A year ago, Barack Obama described the wave of revolution that had begun in Tunisia and Egypt as “a historic opportunity” for the United States “to pursue the world as it should be.” He said America must promote “change that advances self-determination and opportunity.” And he asserted that “we can make a difference” in how the uprising turns out.
Today, the badly misnamed “Arab Spring” is looking like an epic mess. An ugly civil war in Syria could easily spread across the Levant. In Egypt, the victory of an Islamist in a democratic presidential election has prompted a power struggle with the military. Violent political conflict continues in Yemen, Libya and Bahrain. Only Tunisia appears headed toward the new era of democracy and development that Obama promised to promote, and even there it’s not clear how tolerant a new Islamist government will prove to be.
Needless to say, Middle Easterners have been the prime makers of this muddle. But given Obama’s expectations, it’s fair to ask: How much of it is his fault?
I’ve been asking people in and outside the region for an answer to that in the past few weeks: Egyptians, Israelis, Russians, Saudis, Libyans. Predictably, the answers have been widely varying, and often contradictory. But there are two points of consensus: Of course the United States and its president had an influence on how things turned out; and, for the most part, it was a negative one.
Start with Egypt. Obama was foolish, say Israelis and Saudis, to abandon strongman Hosni Mubarak, a faithful US ally. What the old man frequently predicted has come true: Islamists hostile to the West and Israel are about to take over the country.
Wrong, say Egyptian democrats. Obama’s fault was his failure to stand up when the Egyptian military began systematically restoring the old order — culminating with this month’s dissolution of parliament. A key turning point, they say, came in March, when the administration decided to waive congressional conditions tying US military aid to democratic progress — even while the regime persisted with the trial of Egyptians working for US democracy organizations.
“The message the United States sent was totally immoral,” Bahey edin Hassan of the Cairo Institute for Human Rights Studies told me last week. “It was clear all the time to the Egyptian revolutionaries that the US cared only about those who were in power and those they thought might remain in power — the military.”
Angry after Egypt, Saudis are now fuming about Syria — where, they say, the United States is shirking its responsibility to halt Bashar al-Assad’s regime before he plunges the region into a sectarian war.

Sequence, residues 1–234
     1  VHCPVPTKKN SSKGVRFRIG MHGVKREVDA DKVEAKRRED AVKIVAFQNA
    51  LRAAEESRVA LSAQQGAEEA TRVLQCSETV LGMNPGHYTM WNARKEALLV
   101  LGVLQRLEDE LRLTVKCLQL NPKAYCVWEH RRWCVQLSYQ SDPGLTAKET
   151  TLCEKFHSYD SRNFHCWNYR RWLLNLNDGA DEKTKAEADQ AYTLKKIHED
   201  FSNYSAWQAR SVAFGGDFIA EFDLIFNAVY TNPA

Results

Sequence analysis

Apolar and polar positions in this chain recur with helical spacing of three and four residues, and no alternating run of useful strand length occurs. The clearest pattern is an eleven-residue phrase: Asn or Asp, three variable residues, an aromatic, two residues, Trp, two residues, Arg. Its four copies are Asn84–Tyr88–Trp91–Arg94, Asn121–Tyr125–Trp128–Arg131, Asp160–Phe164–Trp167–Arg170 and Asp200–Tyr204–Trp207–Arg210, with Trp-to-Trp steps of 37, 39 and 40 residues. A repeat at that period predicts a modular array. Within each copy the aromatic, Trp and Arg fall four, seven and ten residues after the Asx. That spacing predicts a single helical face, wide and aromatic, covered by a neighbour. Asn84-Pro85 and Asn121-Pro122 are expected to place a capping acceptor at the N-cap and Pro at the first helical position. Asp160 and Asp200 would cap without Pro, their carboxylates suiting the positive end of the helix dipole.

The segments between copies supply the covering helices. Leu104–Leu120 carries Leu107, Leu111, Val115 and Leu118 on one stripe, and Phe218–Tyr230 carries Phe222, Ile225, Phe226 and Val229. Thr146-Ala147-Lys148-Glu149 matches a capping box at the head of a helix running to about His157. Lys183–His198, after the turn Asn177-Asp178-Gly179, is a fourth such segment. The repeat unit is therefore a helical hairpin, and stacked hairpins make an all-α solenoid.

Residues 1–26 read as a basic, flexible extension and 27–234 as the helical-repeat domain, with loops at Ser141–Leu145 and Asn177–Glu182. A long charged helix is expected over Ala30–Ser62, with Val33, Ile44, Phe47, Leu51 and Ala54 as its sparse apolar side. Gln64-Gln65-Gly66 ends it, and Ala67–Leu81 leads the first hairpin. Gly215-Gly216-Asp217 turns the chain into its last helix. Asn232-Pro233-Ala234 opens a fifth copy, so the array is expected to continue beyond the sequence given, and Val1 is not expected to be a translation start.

Wrong, say the Russ ians. By publicly demanding the downfall of the regime, Obama encouraged Assad’s opposition to take up arms.
“Once again, you are promoting a regime change without knowing what will come afterward,” lectured a senior Russian official visiting Washington, echoing what his boss Vladimir Putin said to Obama at their summit meeting last week.
Everyone (except the Saudis) points to Bahrain, an island nation in the Persian Gulf where the US parks the Fifth Fleet. The ruling al-Khalifa family has brutally repressed demonstrations by the Shiite majority while dragging its feet on meaningful reforms. But Obama has never said this dictatorship must go; in fact, he has recently gone back to selling it weapons.
Only Libyans, liberated from Muammar el-Qaddafi with the help of US planes, are ready to praise the president.
“Without the decision of Obama to defend Benghazi, our revolution might not have succeeded,” said Mustafa Abushagur, now deputy prime minister of a transitional government. But in the past few months, the rebels have been struggling to construct police forces and build a unified military. The Obama administration, they say, has been slow to help.
Taken togeth er, these disparate comments add up to a coherent critique. Obama’s biggest failing in the Arab Spring is not that he chose the wrong side; it is that he has waffled back and forth. He has been consistently indecisive, irresolute and reluctant to act. As a result, he has alienated both regimes and revolutionaries and squandered US leverage.
Before pushing Mubarak out, Obama embraced him; now his aides are criticizing — but so far tolerating — the military’s attempts to hang on to power. Obama insists Assad must give up power and facilitates military aid for the rebels at the same time that he endorses a United Nations-brokered settlement between the regime and opposition. He demands change in Bahrain while continuing to back the regime, even when it refuses to reform.
In short, Obama has made a difference during the Arab Spring mostly by not making a difference. By failing to decisively use US aid, diplomatic influence and military power to support the removal of dictators and the beginning of democratic transformation, he has helped tip the balance toward the old regimes — or chaos. No, the mess is not his fault. But he deserves a share of the blame.
Jackson Diehl is deputy editorial page editor for The Washington Post.